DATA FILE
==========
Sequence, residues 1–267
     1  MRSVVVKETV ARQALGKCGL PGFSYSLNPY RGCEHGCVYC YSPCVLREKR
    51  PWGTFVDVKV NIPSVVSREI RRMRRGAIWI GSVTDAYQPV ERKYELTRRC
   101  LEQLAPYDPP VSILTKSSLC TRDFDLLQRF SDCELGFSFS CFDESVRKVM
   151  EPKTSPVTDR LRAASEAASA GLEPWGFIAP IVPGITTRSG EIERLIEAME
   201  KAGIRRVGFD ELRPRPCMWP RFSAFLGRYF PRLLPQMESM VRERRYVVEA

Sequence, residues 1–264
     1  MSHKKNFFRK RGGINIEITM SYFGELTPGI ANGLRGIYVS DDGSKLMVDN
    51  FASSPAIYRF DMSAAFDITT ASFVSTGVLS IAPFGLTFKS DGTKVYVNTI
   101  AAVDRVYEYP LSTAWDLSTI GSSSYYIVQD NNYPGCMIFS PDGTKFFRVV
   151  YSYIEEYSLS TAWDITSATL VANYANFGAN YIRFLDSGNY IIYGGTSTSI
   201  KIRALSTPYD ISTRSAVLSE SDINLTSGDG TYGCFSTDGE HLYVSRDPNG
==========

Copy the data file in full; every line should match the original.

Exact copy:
Sequence, residues 1–267
     1  MRSVVVKETV ARQALGKCGL PGFSYSLNPY RGCEHGCVYC YSPCVLREKR
    51  PWGTFVDVKV NIPSVVSREI RRMRRGAIWI GSVTDAYQPV ERKYELTRRC
   101  LEQLAPYDPP VSILTKSSLC TRDFDLLQRF SDCELGFSFS CFDESVRKVM
   151  EPKTSPVTDR LRAASEAASA GLEPWGFIAP IVPGITTRSG EIERLIEAME
   201  KAGIRRVGFD ELRPRPCMWP RFSAFLGRYF PRLLPQMESM VRERRYVVEA

Sequence, residues 1–264
     1  MSHKKNFFRK RGGINIEITM SYFGELTPGI ANGLRGIYVS DDGSKLMVDN
    51  FASSPAIYRF DMSAAFDITT ASFVSTGVLS IAPFGLTFKS DGTKVYVNTI
   101  AAVDRVYEYP LSTAWDLSTI GSSSYYIVQD NNYPGCMIFS PDGTKFFRVV
   151  YSYIEEYSLS TAWDITSATL VANYANFGAN YIRFLDSGNY IIYGGTSTSI
   201  KIRALSTPYD ISTRSAVLSE SDINLTSGDG TYGCFSTDGE HLYVSRDPNG